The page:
All in all, things aren't looking so hot for the Chicoms, who until recently seemed to be on one of history's greatests “rolls” of all time. For those who have tended to view the rise of China and the expected global hegemony of the Chinese Communist Party with apprehension, verging on horror, these developments seem overwhelmingly positive, at first glance. Perhaps it was always inevitable that China would come down to earth, at some stage, and probably it is for the best that it has, BUT...

The giant caveat to the humbling of Red China is this: a cornered animal is always a dangerous one, and thus it is possible that the Chinese leadership will respond to all the aforementioned headwinds in an aggressive or destructive way. Stripped of its legitimacy, its reputation for competency, and the aura of historical inevitability that have shielded the CCP for so long, party leaders may lash out militarily in an effort to refocus Chinese public opinion on external threats, or they may greatly intensify efforts aimed at internal repression, which could cause even greater revulsion in, and estrangement from, the world community.

In the worst case scenario (or is it the best case?), even the social and political stability of China could be jeopardized, with essentially incalculable, but deeply sobering, ramifications for the global economy and for world peace. Lest we forget, China has enormous leverage internationally, given its financial and manufacturing strength, and it has vast arsenals of shiny new weapons, including ICBMs, which, heretofore, the Chicoms have felt no compelling urge or need to utilize. If China implodes, however, all bets are off.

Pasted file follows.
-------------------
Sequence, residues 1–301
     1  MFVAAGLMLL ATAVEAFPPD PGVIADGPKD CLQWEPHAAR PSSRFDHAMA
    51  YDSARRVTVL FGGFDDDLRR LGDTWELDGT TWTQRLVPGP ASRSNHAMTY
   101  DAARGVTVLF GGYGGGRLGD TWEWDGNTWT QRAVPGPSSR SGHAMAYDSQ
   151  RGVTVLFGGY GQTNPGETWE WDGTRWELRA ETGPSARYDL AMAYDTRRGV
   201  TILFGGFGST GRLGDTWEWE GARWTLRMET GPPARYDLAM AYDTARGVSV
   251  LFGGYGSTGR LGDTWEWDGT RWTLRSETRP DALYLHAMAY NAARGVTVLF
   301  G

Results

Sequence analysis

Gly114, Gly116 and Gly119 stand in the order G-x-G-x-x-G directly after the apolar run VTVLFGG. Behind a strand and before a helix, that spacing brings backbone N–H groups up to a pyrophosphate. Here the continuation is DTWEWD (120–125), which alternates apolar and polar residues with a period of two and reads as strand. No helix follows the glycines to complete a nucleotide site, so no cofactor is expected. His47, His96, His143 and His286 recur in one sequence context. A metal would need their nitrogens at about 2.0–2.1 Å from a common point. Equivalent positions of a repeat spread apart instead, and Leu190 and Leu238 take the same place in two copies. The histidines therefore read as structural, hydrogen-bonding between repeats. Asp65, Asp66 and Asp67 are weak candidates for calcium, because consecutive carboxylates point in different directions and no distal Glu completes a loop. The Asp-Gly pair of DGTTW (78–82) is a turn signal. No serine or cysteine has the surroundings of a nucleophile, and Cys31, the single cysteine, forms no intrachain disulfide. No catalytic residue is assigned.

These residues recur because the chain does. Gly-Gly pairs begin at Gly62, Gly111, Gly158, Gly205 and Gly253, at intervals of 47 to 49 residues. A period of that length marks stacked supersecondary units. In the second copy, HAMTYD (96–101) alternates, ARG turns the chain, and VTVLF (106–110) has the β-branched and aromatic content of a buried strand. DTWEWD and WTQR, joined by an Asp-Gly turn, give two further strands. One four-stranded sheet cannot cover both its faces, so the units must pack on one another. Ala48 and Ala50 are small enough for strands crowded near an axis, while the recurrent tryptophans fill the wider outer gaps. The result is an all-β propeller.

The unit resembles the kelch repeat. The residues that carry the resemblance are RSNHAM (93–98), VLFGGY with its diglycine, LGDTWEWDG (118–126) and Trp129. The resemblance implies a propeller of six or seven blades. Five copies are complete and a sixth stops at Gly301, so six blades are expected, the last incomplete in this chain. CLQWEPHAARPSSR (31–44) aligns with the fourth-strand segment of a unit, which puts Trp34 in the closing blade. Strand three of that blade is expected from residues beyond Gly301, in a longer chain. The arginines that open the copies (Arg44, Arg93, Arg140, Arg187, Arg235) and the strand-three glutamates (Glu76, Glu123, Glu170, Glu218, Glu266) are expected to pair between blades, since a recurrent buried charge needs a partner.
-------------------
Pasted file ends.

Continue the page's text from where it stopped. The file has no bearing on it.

One is reminded of the old saying, “May you live in interesting times”, because Red China's current stumbles are the very definition of “interesting”: indeed, the fate of all of us is bound up in the decision-making of a small band of corrupt, pseudo-Marxist, and decidedly peculiar party bureaucrats in Beijing, who – God help us! – could easily steer their massive country, and the world as a whole, into an abyss, if they and we are not very careful.

Fingers crossed!

Dr. Nicholas L. Waddy is an Associate Professor of History at SUNY Alfred and blogs at: He appears on the Newsmaker Show on WLEA 1480/106.9.

And here it is at Townhall:


  1. First of all I learned a new word today (chuffed): Thank you.

    I agree with your comments about China. It occurred to me that one truly dangerous action of the CCP would be to invade Taiwan to "repopulate" the mainland. That I have seen, no one has discussed that option in the media.

  2. Hey! Every time you log on to, it's a learning adventure... :)

    Hmm. You're suggesting that demographic factors alone could prompt China to invade Taiwan? I dunno. That definitely seem like "the hard way" to go about it. Another option for the Chinese would be to try to recruit as many ethnic Chinese as possible to "come home to the Reich" (as the Nazis did, with some success, before WWII). It looks like there are about 40 million of them here and there, especially in Southeast Asia. Of course, many of them would be hard to persuade. They left Red China for a reason, or their ancestors did...

  3. Dr. Waddy fromJack : test